Time to Evolve into the Next Chapter of this Journey

At the moment, I’m taking a break from writing the intro and conclusion of my TED Talk. Despite the fact I don’t give it until December, there is a lot that goes into the preparation. For the first time in a long time, I’m nervous about something, which is probably good.

If the speech is posted on YouTube and goes unnoticed, then not much will probably change in my life, but if it goes viral, as many TED Talks do, things could get interesting. Somebody explained it to me like this the other day: I’ve been living the life of a road comedian, touring from town to town and trying a lot of material to see what’s good. Except instead of telling jokes on a stage, I’ve been talking about pornography addiction on podcasts. I’m now at the point where I probably have two hours of really good material and I just shape the interview around whatever the theme of whatever particular podcast I’m on at the moment.

Now, with the TED Talk, it’s like The Tonight Show is calling. Instead of two hours of material, I have to think about my best 15 minutes. Back in the day, being on The Tonight Show for a young comedian could make or break your career. If Johnny Carson invited you over to the couch after your set, you were the next big thing. If he didn’t, it was probably time to look for a job writing TV or jokes for other people, because you weren’t going to make it as a performer.

Those of you who have followed me on here the last three years know that I have struggled at time with monetizing my story. I didn’t want to feel like I was exploiting myself for financial gain. Many of you helped me see over time that I was too much in my head about it and the only way to be able to continue on my pornography addiction education crusade was to generate income so I could live my life. It’s taken some time, but I arrived at that place not too long ago. The reality is, I don’t want to be a freelance writer or ghostwriter for anybody beyond the couple of clients I still have. I don’t want to hustle to find new clients and write books or blog entries for other people. I need to figure out a way to pay the bills as part of my new life addressing porn addiction. The TED Talk is the best opportunity I have to make that happen on a grander scale as it will expose me to an audience that I would otherwise never reach. It could be a couple thousand, it could be a couple million. If it’s a couple million, I need to be prepared.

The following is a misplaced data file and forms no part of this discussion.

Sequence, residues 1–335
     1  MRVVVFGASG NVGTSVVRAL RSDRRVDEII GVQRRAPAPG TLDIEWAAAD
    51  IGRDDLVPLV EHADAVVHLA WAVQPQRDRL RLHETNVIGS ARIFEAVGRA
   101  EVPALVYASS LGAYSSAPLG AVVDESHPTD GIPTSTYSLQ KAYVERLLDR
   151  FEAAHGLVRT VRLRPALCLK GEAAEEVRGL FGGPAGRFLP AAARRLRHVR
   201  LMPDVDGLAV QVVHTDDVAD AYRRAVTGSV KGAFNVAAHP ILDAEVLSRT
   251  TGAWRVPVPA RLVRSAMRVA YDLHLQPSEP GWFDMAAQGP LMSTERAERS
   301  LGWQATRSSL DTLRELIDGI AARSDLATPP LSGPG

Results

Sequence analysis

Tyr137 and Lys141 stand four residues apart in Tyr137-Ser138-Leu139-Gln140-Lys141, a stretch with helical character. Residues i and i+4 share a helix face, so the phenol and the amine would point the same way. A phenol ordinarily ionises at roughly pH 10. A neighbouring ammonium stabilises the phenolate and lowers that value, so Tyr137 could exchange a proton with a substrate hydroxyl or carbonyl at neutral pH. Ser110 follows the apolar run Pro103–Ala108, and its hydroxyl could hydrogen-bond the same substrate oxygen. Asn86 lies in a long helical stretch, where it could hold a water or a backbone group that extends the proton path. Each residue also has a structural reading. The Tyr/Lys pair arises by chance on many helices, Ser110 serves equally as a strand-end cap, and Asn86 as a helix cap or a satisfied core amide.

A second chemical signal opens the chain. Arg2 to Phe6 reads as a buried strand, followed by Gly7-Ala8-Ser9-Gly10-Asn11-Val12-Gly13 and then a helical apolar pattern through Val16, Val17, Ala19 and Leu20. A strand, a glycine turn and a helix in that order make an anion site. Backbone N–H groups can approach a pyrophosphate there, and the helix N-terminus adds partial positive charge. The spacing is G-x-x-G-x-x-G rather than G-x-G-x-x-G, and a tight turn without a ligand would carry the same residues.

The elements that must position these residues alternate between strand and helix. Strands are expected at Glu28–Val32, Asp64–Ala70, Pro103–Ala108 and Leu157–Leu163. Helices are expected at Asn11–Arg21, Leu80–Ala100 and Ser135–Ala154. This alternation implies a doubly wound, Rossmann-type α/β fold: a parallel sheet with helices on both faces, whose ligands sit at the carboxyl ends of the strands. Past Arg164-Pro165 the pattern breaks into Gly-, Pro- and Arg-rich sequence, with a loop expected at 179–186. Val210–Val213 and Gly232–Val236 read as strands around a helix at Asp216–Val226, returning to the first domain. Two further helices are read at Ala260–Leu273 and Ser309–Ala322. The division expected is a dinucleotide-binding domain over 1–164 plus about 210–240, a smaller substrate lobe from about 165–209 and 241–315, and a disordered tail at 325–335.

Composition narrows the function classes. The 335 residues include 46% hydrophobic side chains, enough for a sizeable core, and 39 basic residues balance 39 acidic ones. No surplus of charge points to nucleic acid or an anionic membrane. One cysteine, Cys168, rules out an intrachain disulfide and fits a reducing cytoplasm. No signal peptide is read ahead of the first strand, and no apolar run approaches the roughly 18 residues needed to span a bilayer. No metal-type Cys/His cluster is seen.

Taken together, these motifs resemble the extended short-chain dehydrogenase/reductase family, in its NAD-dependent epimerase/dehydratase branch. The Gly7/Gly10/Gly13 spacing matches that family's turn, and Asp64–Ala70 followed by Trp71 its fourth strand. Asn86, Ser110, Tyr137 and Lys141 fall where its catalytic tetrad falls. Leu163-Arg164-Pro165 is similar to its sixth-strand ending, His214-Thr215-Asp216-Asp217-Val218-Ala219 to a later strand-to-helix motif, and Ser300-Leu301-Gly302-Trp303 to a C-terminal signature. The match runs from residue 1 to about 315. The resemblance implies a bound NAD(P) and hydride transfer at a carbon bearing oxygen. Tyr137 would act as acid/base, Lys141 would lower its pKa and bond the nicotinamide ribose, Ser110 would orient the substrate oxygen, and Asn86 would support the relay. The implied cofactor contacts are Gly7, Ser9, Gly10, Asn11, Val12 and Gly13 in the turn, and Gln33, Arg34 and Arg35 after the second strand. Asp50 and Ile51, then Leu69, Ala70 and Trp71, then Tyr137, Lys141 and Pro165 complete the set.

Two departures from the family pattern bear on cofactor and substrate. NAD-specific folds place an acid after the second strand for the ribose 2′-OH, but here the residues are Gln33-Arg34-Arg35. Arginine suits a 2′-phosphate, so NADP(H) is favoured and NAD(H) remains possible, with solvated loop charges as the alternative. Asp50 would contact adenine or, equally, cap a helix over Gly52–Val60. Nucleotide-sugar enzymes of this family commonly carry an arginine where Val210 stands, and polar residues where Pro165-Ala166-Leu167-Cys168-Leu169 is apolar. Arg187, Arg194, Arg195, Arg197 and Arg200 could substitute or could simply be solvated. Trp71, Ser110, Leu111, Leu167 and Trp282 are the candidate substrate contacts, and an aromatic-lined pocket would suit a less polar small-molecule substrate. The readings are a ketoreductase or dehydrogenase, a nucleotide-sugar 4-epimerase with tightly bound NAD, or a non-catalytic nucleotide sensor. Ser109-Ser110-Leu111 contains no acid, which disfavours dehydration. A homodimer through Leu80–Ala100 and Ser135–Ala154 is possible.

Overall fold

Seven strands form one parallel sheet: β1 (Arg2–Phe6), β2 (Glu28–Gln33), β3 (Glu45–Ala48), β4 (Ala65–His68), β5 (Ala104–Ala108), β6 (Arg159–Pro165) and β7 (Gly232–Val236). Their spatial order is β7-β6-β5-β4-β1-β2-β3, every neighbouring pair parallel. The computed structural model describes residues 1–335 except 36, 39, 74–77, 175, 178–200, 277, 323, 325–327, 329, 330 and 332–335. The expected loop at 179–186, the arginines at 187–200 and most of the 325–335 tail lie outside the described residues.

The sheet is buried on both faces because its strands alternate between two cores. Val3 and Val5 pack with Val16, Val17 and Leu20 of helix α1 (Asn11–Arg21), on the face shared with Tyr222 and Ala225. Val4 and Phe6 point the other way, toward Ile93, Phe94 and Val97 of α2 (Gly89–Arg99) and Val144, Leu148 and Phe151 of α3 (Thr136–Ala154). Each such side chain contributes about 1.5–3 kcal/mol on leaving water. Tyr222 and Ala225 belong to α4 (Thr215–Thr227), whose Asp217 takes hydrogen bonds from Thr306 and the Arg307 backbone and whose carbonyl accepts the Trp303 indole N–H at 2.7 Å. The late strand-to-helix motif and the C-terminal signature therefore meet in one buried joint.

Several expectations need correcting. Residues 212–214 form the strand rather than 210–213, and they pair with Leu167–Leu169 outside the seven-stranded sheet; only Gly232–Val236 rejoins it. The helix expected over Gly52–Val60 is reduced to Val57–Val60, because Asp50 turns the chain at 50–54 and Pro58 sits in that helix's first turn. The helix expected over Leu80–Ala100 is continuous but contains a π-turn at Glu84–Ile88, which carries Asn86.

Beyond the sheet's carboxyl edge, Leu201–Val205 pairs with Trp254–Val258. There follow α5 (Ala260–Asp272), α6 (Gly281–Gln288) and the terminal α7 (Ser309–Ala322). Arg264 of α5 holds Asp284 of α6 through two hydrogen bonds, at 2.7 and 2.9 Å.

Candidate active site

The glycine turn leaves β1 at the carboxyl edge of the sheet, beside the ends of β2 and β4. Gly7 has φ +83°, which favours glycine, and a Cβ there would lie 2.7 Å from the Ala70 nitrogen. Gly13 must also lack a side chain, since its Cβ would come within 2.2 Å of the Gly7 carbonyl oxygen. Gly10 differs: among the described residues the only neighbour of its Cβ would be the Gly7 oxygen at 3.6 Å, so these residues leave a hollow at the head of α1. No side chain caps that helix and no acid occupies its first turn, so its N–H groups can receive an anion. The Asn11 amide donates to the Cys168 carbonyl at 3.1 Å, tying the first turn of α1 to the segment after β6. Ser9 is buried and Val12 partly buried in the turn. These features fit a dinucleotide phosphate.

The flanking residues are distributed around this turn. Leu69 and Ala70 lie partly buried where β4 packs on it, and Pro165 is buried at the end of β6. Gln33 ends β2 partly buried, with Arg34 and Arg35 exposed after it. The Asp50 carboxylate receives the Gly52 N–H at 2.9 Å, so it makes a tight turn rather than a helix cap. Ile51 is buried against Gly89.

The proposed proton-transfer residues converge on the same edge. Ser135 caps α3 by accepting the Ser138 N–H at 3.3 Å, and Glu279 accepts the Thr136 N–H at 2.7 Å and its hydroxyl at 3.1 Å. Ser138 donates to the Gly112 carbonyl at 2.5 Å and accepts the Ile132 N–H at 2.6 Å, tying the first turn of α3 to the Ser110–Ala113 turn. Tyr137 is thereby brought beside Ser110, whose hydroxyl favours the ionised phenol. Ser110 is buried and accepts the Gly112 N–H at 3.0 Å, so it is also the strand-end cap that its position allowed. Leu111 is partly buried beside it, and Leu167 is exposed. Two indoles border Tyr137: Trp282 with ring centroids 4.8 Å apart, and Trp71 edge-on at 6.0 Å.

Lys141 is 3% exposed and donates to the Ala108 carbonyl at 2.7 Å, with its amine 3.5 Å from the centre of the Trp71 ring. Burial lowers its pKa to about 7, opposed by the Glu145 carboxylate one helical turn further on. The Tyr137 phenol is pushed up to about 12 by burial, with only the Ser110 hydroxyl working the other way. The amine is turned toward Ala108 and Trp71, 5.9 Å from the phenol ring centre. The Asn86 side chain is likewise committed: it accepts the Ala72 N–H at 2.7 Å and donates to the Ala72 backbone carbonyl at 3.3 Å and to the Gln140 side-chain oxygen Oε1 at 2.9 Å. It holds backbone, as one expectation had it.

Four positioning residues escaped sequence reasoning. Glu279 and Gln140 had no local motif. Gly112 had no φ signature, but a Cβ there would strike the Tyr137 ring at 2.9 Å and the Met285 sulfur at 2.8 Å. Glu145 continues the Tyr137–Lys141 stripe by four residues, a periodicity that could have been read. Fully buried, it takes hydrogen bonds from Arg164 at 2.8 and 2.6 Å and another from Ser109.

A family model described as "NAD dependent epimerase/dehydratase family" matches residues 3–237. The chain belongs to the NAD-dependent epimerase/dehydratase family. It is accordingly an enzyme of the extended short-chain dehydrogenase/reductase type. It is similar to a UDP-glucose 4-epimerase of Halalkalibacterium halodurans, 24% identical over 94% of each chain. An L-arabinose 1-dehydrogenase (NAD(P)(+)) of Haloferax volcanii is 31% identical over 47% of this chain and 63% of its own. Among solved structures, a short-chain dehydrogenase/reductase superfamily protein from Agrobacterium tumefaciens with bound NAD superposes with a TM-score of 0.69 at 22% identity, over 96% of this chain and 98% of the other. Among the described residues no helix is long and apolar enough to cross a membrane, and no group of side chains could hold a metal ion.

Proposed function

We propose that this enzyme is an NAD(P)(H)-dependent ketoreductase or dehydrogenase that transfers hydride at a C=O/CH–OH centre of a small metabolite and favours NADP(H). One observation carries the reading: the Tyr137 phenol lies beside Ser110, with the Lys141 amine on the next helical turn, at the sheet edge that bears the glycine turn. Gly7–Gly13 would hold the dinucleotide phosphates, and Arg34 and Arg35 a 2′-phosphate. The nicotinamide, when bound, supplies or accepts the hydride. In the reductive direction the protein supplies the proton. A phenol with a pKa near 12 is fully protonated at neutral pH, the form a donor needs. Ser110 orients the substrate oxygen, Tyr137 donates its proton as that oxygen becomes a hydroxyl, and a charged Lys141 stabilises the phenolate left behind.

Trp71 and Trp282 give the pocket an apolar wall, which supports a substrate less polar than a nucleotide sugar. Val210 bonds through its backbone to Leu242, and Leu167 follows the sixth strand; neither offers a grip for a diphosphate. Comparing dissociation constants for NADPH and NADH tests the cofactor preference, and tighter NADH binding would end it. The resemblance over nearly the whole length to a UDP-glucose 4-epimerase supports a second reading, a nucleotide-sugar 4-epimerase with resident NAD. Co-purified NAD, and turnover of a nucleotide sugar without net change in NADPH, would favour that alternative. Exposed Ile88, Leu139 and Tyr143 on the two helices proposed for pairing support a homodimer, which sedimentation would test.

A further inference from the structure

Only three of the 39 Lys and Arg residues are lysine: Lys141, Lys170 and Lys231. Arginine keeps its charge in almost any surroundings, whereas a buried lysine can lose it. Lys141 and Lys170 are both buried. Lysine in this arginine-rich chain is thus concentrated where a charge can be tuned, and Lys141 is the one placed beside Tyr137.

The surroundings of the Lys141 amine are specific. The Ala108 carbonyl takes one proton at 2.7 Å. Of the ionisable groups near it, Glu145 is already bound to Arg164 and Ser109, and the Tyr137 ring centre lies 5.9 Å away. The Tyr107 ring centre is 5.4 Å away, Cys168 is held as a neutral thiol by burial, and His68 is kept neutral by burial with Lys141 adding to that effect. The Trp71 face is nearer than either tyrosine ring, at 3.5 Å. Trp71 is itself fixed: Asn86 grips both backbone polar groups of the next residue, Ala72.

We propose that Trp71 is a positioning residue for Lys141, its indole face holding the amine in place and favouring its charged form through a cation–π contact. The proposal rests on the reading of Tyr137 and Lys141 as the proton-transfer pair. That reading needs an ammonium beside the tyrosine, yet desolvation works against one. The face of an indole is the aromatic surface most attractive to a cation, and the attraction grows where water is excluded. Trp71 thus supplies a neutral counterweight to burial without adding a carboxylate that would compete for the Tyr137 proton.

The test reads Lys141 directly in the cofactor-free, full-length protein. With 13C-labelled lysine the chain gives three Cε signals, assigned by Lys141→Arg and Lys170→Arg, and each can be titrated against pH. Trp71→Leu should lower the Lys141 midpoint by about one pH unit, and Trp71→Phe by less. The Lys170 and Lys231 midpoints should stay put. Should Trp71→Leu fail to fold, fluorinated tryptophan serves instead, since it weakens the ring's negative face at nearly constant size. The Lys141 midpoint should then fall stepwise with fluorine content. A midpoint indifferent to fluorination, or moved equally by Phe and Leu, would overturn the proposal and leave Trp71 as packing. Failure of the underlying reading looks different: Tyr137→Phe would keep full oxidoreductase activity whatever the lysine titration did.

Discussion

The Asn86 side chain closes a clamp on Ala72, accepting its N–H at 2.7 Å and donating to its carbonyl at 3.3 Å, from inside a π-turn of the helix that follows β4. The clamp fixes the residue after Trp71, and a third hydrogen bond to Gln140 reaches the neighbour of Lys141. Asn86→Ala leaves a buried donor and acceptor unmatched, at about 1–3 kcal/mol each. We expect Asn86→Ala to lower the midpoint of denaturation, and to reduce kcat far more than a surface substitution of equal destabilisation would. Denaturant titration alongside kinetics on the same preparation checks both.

There are some things going on in the background now, and one of them will be revamping this site. I’ve hired a professional and I will not only be giving them 99% autonomy, I will be leaning on them to help create a strategy for what content is appropriate or not, and a schedule to produce it. I know that I’ve been leaning a little too heavy into the political lately, and I’m not sure these rambling kind of pieces like you’re reading now have much of a place in a future site. It allows me to clear my head, so I’ll have to figure something else out.

Right now, I have three books, an online course and a coaching/advisement offering that I have promoted to different degrees. They are the ways that I generate revenue. Hopefully they get more attention after the TED Talk, but hopefully I can also land a speaking agent to book me gigs once the world gets beyond COVID. I also know that a successful talk will lead to other opportunities I probably can’t imagine at the moment.

This feels a little bit like a goodbye note, but it’s not. I just need to take the next steps necessary to position myself for success. This site will become a hub for activity and I will be directing people back here for just about everything. I hope you’ll still like and comment on my stuff so it doesn’t look like a graveyard and I will continue to respond in comments. I will also continue to read other people’s blogs, although I must admit I have slacked on doing that daily. I also want to thank those who have been with me for so long, pushing me, adding their two cents, encouraging me, telling me when I dropped the ball and reminding me what I’m doing is important but that I can’t let it consume me. I wouldn’t have got to this point without you.